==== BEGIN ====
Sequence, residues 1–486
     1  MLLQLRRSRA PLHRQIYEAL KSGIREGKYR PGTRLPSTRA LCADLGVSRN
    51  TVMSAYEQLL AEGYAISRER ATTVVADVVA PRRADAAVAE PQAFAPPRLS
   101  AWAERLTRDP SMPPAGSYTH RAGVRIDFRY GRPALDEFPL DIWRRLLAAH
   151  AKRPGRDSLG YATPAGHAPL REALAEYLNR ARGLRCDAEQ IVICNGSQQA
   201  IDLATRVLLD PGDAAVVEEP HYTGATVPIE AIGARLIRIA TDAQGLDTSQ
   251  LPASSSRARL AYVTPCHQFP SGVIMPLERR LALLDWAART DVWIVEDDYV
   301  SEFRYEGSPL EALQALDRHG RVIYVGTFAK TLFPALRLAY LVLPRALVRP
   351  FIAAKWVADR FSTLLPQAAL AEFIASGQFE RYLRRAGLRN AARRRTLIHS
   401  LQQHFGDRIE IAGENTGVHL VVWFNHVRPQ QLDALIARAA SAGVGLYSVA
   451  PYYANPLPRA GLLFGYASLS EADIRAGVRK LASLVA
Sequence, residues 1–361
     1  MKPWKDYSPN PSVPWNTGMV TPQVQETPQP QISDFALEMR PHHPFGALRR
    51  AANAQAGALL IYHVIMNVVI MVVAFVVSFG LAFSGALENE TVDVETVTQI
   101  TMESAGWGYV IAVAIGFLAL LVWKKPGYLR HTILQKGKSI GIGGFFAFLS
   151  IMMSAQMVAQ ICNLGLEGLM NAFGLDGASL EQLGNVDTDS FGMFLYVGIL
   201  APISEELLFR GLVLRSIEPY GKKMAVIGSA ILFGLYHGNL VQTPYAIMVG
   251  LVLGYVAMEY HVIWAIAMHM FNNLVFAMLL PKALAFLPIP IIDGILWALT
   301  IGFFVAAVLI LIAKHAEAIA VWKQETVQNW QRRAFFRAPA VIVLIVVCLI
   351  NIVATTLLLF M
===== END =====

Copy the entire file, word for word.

Sequence, residues 1–486
     1  MLLQLRRSRA PLHRQIYEAL KSGIREGKYR PGTRLPSTRA LCADLGVSRN
    51  TVMSAYEQLL AEGYAISRER ATTVVADVVA PRRADAAVAE PQAFAPPRLS
   101  AWAERLTRDP SMPPAGSYTH RAGVRIDFRY GRPALDEFPL DIWRRLLAAH
   151  AKRPGRDSLG YATPAGHAPL REALAEYLNR ARGLRCDAEQ IVICNGSQQA
   201  IDLATRVLLD PGDAAVVEEP HYTGATVPIE AIGARLIRIA TDAQGLDTSQ
   251  LPASSSRARL AYVTPCHQFP SGVIMPLERR LALLDWAART DVWIVEDDYV
   301  SEFRYEGSPL EALQALDRHG RVIYVGTFAK TLFPALRLAY LVLPRALVRP
   351  FIAAKWVADR FSTLLPQAAL AEFIASGQFE RYLRRAGLRN AARRRTLIHS
   401  LQQHFGDRIE IAGENTGVHL VVWFNHVRPQ QLDALIARAA SAGVGLYSVA
   451  PYYANPLPRA GLLFGYASLS EADIRAGVRK LASLVA
Sequence, residues 1–361
     1  MKPWKDYSPN PSVPWNTGMV TPQVQETPQP QISDFALEMR PHHPFGALRR
    51  AANAQAGALL IYHVIMNVVI MVVAFVVSFG LAFSGALENE TVDVETVTQI
   101  TMESAGWGYV IAVAIGFLAL LVWKKPGYLR HTILQKGKSI GIGGFFAFLS
   151  IMMSAQMVAQ ICNLGLEGLM NAFGLDGASL EQLGNVDTDS FGMFLYVGIL
   201  APISEELLFR GLVLRSIEPY GKKMAVIGSA ILFGLYHGNL VQTPYAIMVG
   251  LVLGYVAMEY HVIWAIAMHM FNNLVFAMLL PKALAFLPIP IIDGILWALT
   301  IGFFVAAVLI LIAKHAEAIA VWKQETVQNW QRRAFFRAPA VIVLIVVCLI
   351  NIVATTLLLF M